Browsing Bulletin (Hawaii Agricultural Experiment Station) by Title

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  • Beaumont, J H; Fukunaga, E T (University of Hawaii, 1958-06)
    Coffee in Kona is grown without shade at around 1,500 ft elevation. Nitrogen fertilizer increases yields but promotes alternate-year bearing. The authors developed a system based on plant spacing and annual pruning to ...
  • Miller, Carey D; Louis, Lucille; Yanazawa, Kisako (University of Hawaii, 1946)
    The study this bulletin was based upon examined the foods and dietary habits of Filipinos in the low-income category in Hawaii. Many of the plants described were relatively unusual home-garden species brought by immigrants ...
  • Miller, Carey D; Bazore, Katherine (University of Hawaii, 1945-10)
    This bulletin revised and expanded upon Bulletin 77, Some Fruits of Hawaii (1936). It covered 28 of the common (and some less common) fruits grown and consumed in Hawaii. Mineral and vitamin contents were given. Procedures ...
  • Kelley, W P (Hawaii Agricultural Experiment Station, 1912-04-08)
  • McClelland, C K (Hawaii Agricultural Experiment Station, 1915-02-20)
  • Whitney, L D; Hosaka, E Y; Ripperton, J C (University of Hawaii, 1939-05)
    The bulletin describes and illustrates 103 of the most important grasses in Hawaii. Very few of the native species are common on the range, the introduced species being of far greater importance both in point of number and ...
  • Hamilton, R A; Fukunaga, E T (University of Hawaii, 1959-01)
    An intensive varietal selection program was begun at the Experiment Station in 1936, when only 5 acres of (seedling) macadamias had been planted in Hawaii. By 1959 over 2000 acres had been planted, mostly of selected clonal ...
  • Pope, W T (Hawaii Agricultural Experiment Station, 1924-08)
    The data presented in this bulletin represent the results of 20 years' work with the Guatemalan avocado at the Hawaii Experiment Station.
  • Van Dine, D L; Thompson, Alice R (Hawaii Agricultural Experiment Station, 1908-06)
    In the spring of 1905 a detailed study was begun on the source and characteristics of Hawaiian honeys, the chemist of the station cooperating in a determination of their chemical composition.The writer has collected ...
  • Frazier, W A (University of Hawaii, 1943)
    A comprehensive guide to gardening techniques and the many garden crops that can be grown in Hawaii.
  • van't Woudt, Bessel D; Nelson, Robert E (University of Hawaii, 1963-01)
    One of the rainiest places on earth is atop Mount Waialeale on the island of Kauai; average annual rainfall in this 20-square-mile swamp area exceeds 200 inches, and more than twice that amount has been recorded. Various ...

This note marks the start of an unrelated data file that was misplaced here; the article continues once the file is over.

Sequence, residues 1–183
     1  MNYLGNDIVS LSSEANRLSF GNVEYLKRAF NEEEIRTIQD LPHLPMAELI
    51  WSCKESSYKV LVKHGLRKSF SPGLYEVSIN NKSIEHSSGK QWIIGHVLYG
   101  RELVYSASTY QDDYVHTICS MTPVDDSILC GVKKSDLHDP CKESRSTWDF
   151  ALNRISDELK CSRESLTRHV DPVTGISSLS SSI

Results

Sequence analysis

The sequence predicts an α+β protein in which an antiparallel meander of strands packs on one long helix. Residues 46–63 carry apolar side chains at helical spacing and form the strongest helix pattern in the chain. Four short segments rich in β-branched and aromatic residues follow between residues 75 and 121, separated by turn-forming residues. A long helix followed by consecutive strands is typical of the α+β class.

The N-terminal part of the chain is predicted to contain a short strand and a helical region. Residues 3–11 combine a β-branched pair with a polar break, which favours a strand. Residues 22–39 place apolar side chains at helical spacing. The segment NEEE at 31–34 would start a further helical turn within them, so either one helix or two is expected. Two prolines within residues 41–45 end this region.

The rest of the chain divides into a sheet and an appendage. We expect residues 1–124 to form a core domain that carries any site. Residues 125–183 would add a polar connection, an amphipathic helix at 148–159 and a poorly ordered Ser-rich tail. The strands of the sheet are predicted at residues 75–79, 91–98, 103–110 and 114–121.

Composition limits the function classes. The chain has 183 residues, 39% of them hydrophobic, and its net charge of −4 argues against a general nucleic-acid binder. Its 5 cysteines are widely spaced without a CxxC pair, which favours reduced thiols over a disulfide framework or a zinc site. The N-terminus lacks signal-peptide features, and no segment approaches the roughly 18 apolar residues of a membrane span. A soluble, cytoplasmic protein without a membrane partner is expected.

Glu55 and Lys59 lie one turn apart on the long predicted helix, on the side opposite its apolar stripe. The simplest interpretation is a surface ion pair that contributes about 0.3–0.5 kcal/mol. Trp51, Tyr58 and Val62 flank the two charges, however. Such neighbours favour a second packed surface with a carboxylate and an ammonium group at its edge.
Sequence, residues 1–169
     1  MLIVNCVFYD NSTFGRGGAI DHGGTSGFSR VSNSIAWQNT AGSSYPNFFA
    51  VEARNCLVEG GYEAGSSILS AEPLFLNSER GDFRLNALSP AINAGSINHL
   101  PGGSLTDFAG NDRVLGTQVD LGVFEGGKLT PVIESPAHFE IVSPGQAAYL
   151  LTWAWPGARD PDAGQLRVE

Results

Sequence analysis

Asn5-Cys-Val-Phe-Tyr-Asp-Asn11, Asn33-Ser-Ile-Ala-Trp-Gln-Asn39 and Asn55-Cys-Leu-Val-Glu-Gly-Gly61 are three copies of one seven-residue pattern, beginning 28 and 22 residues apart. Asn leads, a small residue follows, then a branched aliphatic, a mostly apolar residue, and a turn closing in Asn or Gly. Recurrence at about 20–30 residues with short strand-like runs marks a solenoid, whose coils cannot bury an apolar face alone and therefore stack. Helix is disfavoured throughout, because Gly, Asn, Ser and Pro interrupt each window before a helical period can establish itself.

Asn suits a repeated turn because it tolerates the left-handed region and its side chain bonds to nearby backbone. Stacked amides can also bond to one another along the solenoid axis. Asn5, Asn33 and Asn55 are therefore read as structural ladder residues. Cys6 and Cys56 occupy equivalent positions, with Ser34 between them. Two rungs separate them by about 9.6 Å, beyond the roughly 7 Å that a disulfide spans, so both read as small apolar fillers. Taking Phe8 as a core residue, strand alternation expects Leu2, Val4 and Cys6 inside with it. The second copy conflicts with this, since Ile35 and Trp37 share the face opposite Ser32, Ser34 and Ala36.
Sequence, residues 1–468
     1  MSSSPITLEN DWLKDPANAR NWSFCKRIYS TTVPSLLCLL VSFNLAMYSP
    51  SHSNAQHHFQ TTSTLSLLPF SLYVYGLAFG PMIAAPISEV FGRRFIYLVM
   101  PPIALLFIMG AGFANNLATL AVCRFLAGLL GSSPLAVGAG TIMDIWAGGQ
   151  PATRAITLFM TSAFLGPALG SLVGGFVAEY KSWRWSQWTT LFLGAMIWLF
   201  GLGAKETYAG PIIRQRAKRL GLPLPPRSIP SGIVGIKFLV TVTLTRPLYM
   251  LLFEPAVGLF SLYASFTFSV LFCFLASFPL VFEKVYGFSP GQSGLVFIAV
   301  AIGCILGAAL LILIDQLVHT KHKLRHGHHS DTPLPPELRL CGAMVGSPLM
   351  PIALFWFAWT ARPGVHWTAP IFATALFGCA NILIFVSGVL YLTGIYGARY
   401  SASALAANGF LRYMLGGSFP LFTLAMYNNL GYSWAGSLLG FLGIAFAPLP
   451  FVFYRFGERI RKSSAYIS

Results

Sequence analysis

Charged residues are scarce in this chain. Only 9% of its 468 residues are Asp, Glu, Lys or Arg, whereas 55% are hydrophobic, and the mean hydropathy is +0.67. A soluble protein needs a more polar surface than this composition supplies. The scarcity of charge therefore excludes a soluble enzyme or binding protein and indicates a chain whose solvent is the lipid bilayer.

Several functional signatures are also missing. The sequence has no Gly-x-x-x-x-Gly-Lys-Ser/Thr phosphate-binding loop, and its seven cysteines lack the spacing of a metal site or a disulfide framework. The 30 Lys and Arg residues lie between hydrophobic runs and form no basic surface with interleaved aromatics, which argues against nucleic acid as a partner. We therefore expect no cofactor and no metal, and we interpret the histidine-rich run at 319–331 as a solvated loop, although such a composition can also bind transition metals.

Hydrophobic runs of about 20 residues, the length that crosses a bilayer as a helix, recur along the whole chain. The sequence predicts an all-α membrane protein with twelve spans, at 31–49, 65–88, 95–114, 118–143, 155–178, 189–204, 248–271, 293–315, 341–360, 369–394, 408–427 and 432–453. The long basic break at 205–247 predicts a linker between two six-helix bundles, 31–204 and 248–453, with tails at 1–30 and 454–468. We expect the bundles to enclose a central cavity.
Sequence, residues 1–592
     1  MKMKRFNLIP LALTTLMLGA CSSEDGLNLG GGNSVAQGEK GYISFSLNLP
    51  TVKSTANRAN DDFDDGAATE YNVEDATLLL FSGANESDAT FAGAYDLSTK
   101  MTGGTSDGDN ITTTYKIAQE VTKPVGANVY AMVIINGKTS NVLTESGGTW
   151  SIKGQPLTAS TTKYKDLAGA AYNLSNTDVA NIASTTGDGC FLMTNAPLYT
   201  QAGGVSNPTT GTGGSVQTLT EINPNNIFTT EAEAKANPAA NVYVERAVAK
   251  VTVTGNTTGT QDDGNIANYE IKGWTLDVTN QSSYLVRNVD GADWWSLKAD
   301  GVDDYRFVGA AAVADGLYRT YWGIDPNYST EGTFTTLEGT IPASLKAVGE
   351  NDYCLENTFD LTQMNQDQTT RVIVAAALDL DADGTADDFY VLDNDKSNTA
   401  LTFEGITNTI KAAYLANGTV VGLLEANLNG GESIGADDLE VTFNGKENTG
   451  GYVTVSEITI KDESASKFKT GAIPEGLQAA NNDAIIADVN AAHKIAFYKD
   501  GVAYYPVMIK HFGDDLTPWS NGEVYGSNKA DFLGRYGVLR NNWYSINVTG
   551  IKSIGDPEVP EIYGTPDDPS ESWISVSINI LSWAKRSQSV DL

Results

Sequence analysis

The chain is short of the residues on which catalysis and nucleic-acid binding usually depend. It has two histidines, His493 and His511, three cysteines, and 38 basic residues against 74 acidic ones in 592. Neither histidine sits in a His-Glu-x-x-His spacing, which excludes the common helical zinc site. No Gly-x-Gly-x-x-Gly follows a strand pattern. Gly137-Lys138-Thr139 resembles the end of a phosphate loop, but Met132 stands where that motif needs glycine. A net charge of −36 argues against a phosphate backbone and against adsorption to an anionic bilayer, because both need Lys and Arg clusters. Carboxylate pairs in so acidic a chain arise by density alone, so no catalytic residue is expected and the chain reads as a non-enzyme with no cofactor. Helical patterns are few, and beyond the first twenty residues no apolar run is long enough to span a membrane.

• Longley, A T (Hawaii Agricultural Experiment Station, 1912-05-24)
  • Fullaway, David T (Hawaii Agricultural Experiment Station, 1911)
  • Fullaway, David T (Hawaii Agricultural Experiment Station, 1912-07-11)
    This bulletin discusses the following insects attacking corn: wireworms, cutworms, army worms, plant lice, leaf lhoppers, defoliating caterpillars, earworms, and grain feeders.
  • Hosaka, E Y; Ripperton, J C (University of Hawaii, 1944-03)
    The number of leguminous forage species found in pastures throughout the Hawaiian Islands is large, owing to the wide range in climatic conditions. At low elevations tropical species predominate, but at higher elevations ...
  • Krauss, F G (Hawaii Agricultural Experiment Station, 1911-09)
    This bulletin is intended to give brief descriptions and practical suggestions that will be helpful in growing leguminous crops under Hawaiian conditions. Recognizing the need and importance of introducing this class of ...
  • Higgins, J E (Hawaii Agricultural Experiment Station, 1917-07-27)
    The first Litchi chinensis plant was brought to Hawaii in about 1873. Experiment station researchers recognized the popularity of this fruit and also the lack of information on its proper cultivation. This publication is ...
  • Pope, W T (Hawaii Agricultural Experiment Station, 1929-10)
    This bulletin updates HAES Bulletin 12 (1906) by J.E. Higgins to meet the increasing demand for information on this popular fruit in Hawaii.
  • Higgins, J E (Hawaii Agricultural Experiment Station, 1906)
    The author believed that the mango was destined to become an important crop in Hawaii's fruit export trade, a hope unrealized in the century following. The bulletin provided a comprehensive review of all aspects of mango ...
  • Allen, O N; Allen, Ethel K (Hawaii Agricultural Experiment Station, 1933-11)
    The bulletin reviews the history and present conditions of taro culture and poi making in Hawaii and discusses the preparation of poi from the bacteriological standpoint.
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